Screen Shot 2015-08-25 at 11.19.17 AMBut then we get the weirdness. She's able to take friend Hank into her mindspace to examine some files there regarding her past. Wait, what? To be fair, Hank is only mildly freaked out and he is more organic than Corinne. At this point, Alexander throws out an interesting visual question which I think is placed there to balance our perception of Corinne. It's an x-ray panel of her body, luminous green, which shows her skeleton, missing arm and if you look closely, the chips on her skull that are enabling this computer-based interaction. She then describes herself as having "core drive" and "storage". She finds "data" and footage that seems to have been placed there by the beings she's been glimpsing, but it goes so far into the unknown for her that she's freaked out. We do learn before she calls an end to the session that her machine elements are more widespread than we might have thought, and for all the "seen" things we can judge her cyborg-nature by, it's the unseen elements which really affect her. She's full of nanomachines that can't be removed.

I'd like to point out the very interesting tension that Alexander establishes and the fine line he's treading with Corinne's characterization. Not only is she overwhelming robotic in ways we didn't realize, but she's describing that state in ways that only a human being could. That dichotomy is kind of excruciating and very, very interesting. It makes for an even more emotionally engaging character and is a kind of main-line for reader response.

Screen Shot 2015-08-25 at 11.19.42 AMShe says:

All these little machines under my skin. It didn't hurt when they put them in, but sometimes I think I can feel them moving around and it burns…

Wow. We have words like "hurt, think, feel, burns". Words even young children might use to describe their state and it clicks with the reader. And yet she's "patented" she tells us.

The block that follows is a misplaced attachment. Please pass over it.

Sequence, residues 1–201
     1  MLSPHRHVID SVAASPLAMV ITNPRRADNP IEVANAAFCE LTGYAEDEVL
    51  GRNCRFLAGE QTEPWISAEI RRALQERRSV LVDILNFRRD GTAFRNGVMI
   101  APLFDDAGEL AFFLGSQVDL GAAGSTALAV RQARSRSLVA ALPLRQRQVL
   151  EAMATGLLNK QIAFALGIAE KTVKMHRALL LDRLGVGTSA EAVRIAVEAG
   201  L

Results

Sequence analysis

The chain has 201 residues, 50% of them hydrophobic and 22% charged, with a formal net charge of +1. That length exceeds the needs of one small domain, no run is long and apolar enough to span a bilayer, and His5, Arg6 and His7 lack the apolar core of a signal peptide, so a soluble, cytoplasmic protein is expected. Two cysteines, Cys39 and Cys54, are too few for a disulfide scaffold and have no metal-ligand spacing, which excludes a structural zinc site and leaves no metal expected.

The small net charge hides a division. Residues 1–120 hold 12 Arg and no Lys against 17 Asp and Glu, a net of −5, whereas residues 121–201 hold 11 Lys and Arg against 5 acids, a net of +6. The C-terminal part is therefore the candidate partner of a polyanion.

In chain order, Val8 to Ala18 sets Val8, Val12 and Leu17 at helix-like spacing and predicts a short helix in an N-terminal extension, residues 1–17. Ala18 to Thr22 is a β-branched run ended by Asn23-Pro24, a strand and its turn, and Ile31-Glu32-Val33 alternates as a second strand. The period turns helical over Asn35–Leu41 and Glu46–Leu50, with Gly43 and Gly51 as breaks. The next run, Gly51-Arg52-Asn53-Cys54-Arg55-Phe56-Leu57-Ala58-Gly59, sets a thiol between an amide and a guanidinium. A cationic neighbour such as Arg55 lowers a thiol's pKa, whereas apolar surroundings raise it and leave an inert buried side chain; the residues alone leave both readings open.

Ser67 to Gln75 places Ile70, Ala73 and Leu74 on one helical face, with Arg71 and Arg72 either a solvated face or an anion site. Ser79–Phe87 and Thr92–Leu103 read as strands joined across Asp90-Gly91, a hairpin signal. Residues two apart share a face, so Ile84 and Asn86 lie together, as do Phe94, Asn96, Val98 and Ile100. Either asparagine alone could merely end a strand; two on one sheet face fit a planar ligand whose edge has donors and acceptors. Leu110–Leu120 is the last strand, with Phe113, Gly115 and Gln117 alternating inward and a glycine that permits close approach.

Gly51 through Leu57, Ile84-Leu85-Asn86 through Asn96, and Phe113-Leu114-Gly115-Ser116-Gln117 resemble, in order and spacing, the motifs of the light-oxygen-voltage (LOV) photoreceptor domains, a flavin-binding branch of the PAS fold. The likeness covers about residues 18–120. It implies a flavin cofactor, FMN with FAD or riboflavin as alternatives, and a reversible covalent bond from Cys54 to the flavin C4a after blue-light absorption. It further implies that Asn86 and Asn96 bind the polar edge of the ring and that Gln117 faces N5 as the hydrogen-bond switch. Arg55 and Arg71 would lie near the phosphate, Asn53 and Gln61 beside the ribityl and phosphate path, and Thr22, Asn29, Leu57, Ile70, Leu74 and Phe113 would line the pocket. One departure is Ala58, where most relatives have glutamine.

Screen Shot 2015-08-25 at 11.19.55 AMNow the rest of the comic issue gets even more extreme for both Corinne and the reader. Having confronted the really painful aspects of her past in trying to unravel this mystery, she goes on a kind of wild and possibly self-destructive binge of fighting that ends in a sexual encounter. Both of those prolonged sequences are told almost wordlessly and in great detail and have a similar layout and pacing. And they both, unanimously counter-balance all the machine aspects of Corinne we've just learned about.

Screen Shot 2015-08-25 at 11.20.11 AMAlexander either just has great instincts for storytelling or he thought this one out as the Issue where we could potentially become alienated from Corinne by learning more about her machine aspects and instead gives us a full dose of that revelation followed by a double dose of convincing us of her extreme humanity.

Screen Shot 2015-08-25 at 11.20.23 AMEmpty Zone is a seriously impressive comic that explores storytelling in ways I haven't seen before and this issue exemplifies how much of the weight of a story can be built around a central character's interaction with the reader.

Hannah Means-Shannon is EIC at Bleeding Cool and @hannahmenzies on Twitter

About Hannah Means Shannon

Editor-in-Chief at Bleeding Cool. Independent comics scholar and former English Professor. Writing books on magic in the works of Alan Moore and the early works of Neil Gaiman.